In Yes, the Tax Cuts Have Cost the U.S. Treasury Money Bloomberg’s Justin Fox describes how tax revenue in 2018 is lower than tax revenue in 2017. Over the first six months of 2018, the cost of the Tax Cuts and Jobs Act was generally in line with PWBM’s December projections.
Recently, the House Ways and Means Committee introduced “Tax Reform 2.0” that includes new incentives to start up a business, enhanced savings accounts and makes permanent the individual tax cuts in the 2017 Tax Cuts and Jobs Act.
In April of 2018, PWBM anticipated and estimated the effects of the largest piece of this legislation that makes the TCJA individual tax cuts permanent.
This brief updates that analysis for the new 10-year budget window and incorporates the rest of the provisions in “Tax Reform 2.0.”
An important part of the discussion surrounding the passage of the Tax Cuts and Jobs Act (TCJA) was the accumulation of untaxed profits in U.S. corporations’ foreign subsidiaries, which were estimated to be as high as $2.8 trillion in 2017. Before 2018, these earnings were generally not subject to U.S. taxes unless they were paid to the U.S. parent corporation as a dividend (“repatriated”), leading many companies to accumulate profits abroad. The TCJA introduced a deemed repatriation provision, which provides a tax “holiday” for foreign earnings by taxing them at a reduced rate of 15.5 percent on cash and eight percent on other assets. Speaker Paul Ryan argued that the TCJA’s tax holiday for foreign dividend payments directly affects the economy because, “money will come back and that will help economic growth.” Indeed, many companies have already committed to significant repatriation amounts, with Apple notably pledging to pay $38 billion in tax on repatriated income.
The passage of the Tax Cuts and Jobs Act brought with it a new 20 percent deduction for income earned from a pass-through business. The IRS recently released proposed regulations that clarify some of the issues associated with the new deduction. Our model suggests that depending on the effectiveness of the regulations, the overall cost of the deduction could be reduced between $54 and $65 billion over the 10-year budget window.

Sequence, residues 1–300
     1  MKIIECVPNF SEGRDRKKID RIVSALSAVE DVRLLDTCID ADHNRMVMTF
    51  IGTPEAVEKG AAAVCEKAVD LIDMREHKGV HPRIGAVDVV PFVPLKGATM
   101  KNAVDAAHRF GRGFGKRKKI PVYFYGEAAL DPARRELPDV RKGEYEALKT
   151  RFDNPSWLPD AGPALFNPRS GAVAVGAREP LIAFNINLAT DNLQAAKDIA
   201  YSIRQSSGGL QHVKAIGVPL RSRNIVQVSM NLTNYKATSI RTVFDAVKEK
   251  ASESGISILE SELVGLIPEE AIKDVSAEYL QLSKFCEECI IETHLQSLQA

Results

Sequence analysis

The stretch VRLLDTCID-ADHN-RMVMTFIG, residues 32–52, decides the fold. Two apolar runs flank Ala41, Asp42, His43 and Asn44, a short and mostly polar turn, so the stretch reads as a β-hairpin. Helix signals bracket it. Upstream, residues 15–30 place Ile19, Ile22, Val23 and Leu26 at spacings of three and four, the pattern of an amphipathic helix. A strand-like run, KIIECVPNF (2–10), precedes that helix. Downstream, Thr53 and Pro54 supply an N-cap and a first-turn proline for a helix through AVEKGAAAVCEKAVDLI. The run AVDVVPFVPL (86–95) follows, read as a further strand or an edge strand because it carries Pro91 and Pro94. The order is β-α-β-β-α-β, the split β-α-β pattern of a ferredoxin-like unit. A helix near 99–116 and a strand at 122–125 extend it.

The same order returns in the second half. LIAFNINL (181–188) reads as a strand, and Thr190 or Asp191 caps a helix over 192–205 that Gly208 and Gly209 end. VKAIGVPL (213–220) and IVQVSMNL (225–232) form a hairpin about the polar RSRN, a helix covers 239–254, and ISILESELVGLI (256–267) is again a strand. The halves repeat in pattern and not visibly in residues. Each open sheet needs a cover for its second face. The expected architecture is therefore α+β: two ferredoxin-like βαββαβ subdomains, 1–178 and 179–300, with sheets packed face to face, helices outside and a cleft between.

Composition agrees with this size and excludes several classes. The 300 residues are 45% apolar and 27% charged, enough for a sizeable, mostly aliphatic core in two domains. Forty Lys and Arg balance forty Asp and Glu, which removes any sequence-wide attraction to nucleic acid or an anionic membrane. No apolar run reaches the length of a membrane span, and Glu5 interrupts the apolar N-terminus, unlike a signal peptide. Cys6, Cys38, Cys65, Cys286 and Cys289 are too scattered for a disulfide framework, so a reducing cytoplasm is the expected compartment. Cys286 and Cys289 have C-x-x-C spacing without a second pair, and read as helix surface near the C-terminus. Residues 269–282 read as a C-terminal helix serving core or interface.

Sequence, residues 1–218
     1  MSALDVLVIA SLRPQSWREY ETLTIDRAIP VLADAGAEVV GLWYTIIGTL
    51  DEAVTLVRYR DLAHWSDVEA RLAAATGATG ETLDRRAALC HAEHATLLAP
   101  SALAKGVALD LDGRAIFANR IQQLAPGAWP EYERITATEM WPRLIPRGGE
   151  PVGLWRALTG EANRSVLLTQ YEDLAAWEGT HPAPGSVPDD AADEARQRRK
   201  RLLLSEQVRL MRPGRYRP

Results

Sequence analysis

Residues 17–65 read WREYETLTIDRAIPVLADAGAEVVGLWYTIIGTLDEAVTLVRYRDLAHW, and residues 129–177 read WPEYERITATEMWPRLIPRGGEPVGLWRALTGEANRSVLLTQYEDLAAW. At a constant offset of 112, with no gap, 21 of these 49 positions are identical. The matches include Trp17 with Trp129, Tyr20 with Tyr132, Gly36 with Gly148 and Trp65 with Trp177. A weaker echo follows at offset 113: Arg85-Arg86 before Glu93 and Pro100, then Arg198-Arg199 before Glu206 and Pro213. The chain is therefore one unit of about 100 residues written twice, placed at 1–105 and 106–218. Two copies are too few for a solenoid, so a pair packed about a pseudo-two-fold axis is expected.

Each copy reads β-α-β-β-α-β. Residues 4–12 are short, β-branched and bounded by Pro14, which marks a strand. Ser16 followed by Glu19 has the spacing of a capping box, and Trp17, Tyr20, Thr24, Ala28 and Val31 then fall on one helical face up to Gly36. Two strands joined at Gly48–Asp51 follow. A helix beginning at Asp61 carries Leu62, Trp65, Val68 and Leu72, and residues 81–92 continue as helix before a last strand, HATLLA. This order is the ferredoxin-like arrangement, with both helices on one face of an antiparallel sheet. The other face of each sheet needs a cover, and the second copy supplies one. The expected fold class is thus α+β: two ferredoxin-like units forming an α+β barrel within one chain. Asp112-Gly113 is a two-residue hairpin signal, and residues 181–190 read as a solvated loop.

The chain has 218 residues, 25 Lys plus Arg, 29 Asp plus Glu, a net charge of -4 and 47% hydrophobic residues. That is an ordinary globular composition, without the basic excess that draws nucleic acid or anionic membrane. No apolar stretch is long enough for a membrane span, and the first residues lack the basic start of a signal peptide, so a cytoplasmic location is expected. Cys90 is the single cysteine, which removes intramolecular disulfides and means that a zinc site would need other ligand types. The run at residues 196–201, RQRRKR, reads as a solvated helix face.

In this blog entry, we use PWBM’s OLG model to explore the dynamic effects of capital gains indexation, which includes the impact of the proposed policy change on economic growth. We project that this policy change will produce no meaningful economic feedback effect over the next decade.
Washington Post columnist Catherine Rampell uses Penn Wharton Budget Model’s analysis of tax reform to delve into the implications behind strong second quarter U.S. economic growth in The economy’s great. That doesn’t mean Trumponomics is.
This June, PWBM’s First Spring Policy Forum discussed what real world evidence has to say about public infrastructure policy. PWBM’s Jon Huntley looked at how infrastructure plans can be designed to maximize growth while Ernst & Young’s Mike Parker shared a broad picture of the impact of federal spending on infrastructure.
As noted in our brief, the Tax Cuts and Jobs Act reduced the direct tax liability of individuals by an estimated $1.3 billion, before considering macroeconomic feedback effects, over the period 2018-27. This reduction was achieved through a number of provisions that changed the individual income tax structure. Table 1 presents the average tax cut received by Adjusted Gross Income (AGI) percentile in 2018. The overall median tax cut is $401, with larger cuts going to groups with larger AGI.
Senate Democrats propose spending $1,022 billion on public infrastructure over the next 10 years, financed with taxes on personal income and corporate income.
An additional dollar of federal aid could lead state and local governments to increase total infrastructure spending by less than that dollar since state and local governments can often qualify for the new grant money within their existing and planned infrastructure programs. Based on an extensive literature review, we estimate that infrastructure investment across all levels of government increases between $225 billion and $1,039 billion, including the $1,022 billion federal investment.
Depending on how much state and local governments spend on infrastructure in response to federal aid, we estimate that the plan changes GDP between -0.1 and 0.1 percent by 2032 relative to no policy change. By 2042, the plan changes GDP between -0.3 and -0.2 percent.
Senator Ted Cruz (R-TX) recently introduced a bill titled the “Capital Gains Inflation Relief Act of 2018”. The proposal would let investors adjust asset cost basis for inflation, resulting in a lower tax bill upon realizing capital gains.
In his article “Senate GOP wary of new tax cut sequel,” Alexander Bolton described Republican reactions to the CBO scoring of the new tax bill and opinions over making the individual tax cuts permanent. He cites projections from Penn Wharton Budget Model (PWBM) in order to demonstrate the likely effects on the national debt from extending the individual tax cuts.